What explains this shared xenophobia of Left and Right? I can think of two reasons. One has already been alluded to, namely, that the shrillness of rhetoric masks a fundamental insecurity of ideas. There is a deep fear of open debate, of allowing influences and opinions to come from spheres that one cannot control. Besides, it would confuse the cadres.

The second, and to my mind more important reason, stems from the history of Indian nationalism. The Indian freedom movement was a genuinely mass movement—its participants included, at various times and in different proportions, men and women, high castes and low castes, socialists and liberals, Hindus, Muslims, Parsis, Christians, Bengalis, Maharashtrians, Tamils, Punjabis, Hindi speakers, Oriyas… People from all parts of India, and from every linguistic group, participated with enthusiasm in the struggle.

Two ideological formations however had a relationship with the national movement that was problematic and ambivalent at best, and hostile and adversarial at worst. These were the Rashtriya Swayamsevak Sangh, the forbear of today’s BJP; and the original, undivided Communist Party of India, the forbear of today’s CPM. For long stretches the RSS and CPI stayed aloof from the national movement, choosing instead to build their support base outside its ambit. Occasionally, some RSS members and some Communists would join nationalist demonstrations and campaigns, usually with a view to shaping (or perhaps manipulating) it. And sometimes, the RSS and the CPI found themselves opposing the freedom movement, to this end even making common cause with British imperialism against the party of Mahatma Gandhi and Jawaharlal Nehru.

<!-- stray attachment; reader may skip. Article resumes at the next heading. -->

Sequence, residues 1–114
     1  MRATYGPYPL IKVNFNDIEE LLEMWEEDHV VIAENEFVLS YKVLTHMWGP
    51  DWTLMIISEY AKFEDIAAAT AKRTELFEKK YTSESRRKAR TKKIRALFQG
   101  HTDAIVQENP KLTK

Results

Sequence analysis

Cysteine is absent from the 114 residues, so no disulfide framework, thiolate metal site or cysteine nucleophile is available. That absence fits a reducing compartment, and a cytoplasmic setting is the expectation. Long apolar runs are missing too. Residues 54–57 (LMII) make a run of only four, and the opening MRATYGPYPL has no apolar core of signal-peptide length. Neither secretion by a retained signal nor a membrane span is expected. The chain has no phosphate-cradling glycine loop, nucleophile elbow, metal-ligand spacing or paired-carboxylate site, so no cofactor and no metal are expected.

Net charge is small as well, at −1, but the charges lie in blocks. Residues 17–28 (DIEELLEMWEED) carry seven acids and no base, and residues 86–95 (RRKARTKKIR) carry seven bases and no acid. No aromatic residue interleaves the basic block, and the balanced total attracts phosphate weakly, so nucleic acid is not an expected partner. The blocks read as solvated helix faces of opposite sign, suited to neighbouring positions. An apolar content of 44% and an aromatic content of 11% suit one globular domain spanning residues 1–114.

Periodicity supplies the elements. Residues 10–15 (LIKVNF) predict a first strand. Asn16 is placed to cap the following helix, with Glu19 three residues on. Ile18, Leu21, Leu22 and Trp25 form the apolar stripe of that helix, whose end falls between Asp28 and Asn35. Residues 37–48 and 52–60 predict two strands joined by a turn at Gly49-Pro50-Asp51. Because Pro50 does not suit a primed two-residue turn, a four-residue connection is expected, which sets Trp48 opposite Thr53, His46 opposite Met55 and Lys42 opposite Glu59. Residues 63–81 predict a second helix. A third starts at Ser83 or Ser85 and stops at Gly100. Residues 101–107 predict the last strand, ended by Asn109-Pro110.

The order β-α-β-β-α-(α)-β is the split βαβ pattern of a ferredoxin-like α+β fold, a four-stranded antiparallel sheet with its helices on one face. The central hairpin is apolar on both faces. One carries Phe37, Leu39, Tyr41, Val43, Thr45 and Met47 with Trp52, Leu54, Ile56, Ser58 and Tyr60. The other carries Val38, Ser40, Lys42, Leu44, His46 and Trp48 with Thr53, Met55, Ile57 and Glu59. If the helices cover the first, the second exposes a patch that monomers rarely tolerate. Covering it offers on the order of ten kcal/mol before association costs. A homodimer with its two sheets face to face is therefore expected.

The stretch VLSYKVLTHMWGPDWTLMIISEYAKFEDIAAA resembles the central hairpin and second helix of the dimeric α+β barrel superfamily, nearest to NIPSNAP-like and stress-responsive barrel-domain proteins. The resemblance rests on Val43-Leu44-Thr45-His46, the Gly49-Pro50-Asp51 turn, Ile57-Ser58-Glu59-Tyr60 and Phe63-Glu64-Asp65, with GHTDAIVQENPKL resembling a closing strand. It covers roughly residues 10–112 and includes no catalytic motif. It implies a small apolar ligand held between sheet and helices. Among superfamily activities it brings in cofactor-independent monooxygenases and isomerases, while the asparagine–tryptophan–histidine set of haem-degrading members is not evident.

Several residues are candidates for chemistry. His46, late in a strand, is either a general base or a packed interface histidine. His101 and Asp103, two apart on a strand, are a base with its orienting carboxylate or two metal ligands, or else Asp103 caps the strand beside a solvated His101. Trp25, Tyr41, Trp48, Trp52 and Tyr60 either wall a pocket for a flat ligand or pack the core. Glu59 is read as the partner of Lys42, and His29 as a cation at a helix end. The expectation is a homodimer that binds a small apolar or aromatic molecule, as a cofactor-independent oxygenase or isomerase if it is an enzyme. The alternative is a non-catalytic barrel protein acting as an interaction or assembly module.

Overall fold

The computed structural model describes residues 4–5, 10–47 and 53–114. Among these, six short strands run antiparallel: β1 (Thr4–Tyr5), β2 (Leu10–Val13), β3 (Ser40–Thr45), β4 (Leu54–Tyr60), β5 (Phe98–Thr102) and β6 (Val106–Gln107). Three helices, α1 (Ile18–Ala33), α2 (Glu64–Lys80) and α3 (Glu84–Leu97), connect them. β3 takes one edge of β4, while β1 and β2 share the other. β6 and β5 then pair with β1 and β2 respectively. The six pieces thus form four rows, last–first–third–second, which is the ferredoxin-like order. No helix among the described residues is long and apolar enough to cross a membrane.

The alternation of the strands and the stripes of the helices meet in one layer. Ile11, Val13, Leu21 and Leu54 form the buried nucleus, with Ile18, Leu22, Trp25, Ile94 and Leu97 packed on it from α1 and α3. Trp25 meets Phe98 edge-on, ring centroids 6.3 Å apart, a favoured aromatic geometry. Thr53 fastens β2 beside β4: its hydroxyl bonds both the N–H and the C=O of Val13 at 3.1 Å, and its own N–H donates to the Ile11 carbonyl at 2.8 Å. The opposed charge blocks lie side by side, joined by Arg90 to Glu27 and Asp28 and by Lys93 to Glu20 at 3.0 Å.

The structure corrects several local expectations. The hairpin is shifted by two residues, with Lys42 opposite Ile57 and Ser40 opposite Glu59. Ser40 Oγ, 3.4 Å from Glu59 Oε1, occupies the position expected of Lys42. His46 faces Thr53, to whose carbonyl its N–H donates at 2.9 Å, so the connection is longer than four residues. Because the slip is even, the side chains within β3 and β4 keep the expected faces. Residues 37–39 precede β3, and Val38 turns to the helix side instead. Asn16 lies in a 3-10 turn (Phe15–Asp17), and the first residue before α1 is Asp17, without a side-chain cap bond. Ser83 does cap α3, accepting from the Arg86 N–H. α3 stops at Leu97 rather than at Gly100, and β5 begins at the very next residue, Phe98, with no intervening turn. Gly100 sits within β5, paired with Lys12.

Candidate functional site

Let me now offer this thesis—that because they played such an insignificant part in the social movement which brought India political freedom, the Saffron Right and the Communist Left feel obliged to wear their ‘nationalism’ on their sleeves—to express, with such force and vehemence, their opposition to what they regard as alien and contaminating influences. The RSS shall demonstrate their Indianness by demanding that the preacher Benny Hinn has to ‘Quit India’; the Marxist Professors will demonstrate it by demanding that a small, shabby coffee outlet owned by Nestle must ‘Quit JNU’.

It is, I suggest, their guilt at staying apart from the national movement in the past that motivates the RSS and the CPM to take such hyper-nationalist positions in the present. That history makes their hyper-nationalism somewhat fraudulent. But in the context of the world we live in today, it also makes it hypocritical. Mr Ananth Kumar wants to ban Christian priests from coming to India, but he is quite happy to encourage Hindu priests to preach in the West—and collect money for his cause. And while Nestle might be asked to leave JNU, the Left Front government in West Bengal actively woos foreign direct investment. Indeed, Park Street and Chowringhee are already aglow with their success in this regard—for of the signs on display, those of foreign firms equal or perhaps even outnumber those of Indian companies. Is there now a possibility that the JNU Professors will march down Park Street at the head of a CPM procession, demanding that the citizens of Kolkata emulate their students by boycotting foreign goods? Somehow, I think not.